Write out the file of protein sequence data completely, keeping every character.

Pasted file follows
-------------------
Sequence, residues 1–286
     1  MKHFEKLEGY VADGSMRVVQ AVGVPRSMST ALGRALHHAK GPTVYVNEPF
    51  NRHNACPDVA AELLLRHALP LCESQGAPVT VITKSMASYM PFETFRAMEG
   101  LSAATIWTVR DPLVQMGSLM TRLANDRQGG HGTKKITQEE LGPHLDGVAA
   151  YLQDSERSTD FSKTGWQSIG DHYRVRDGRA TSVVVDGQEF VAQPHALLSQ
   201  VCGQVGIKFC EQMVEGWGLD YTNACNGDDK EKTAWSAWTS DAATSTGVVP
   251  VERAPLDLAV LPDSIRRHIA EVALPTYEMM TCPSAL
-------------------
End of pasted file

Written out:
Sequence, residues 1–286
     1  MKHFEKLEGY VADGSMRVVQ AVGVPRSMST ALGRALHHAK GPTVYVNEPF
    51  NRHNACPDVA AELLLRHALP LCESQGAPVT VITKSMASYM PFETFRAMEG
   101  LSAATIWTVR DPLVQMGSLM TRLANDRQGG HGTKKITQEE LGPHLDGVAA
   151  YLQDSERSTD FSKTGWQSIG DHYRVRDGRA TSVVVDGQEF VAQPHALLSQ
   201  VCGQVGIKFC EQMVEGWGLD YTNACNGDDK EKTAWSAWTS DAATSTGVVP
   251  VERAPLDLAV LPDSIRRHIA EVALPTYEMM TCPSAL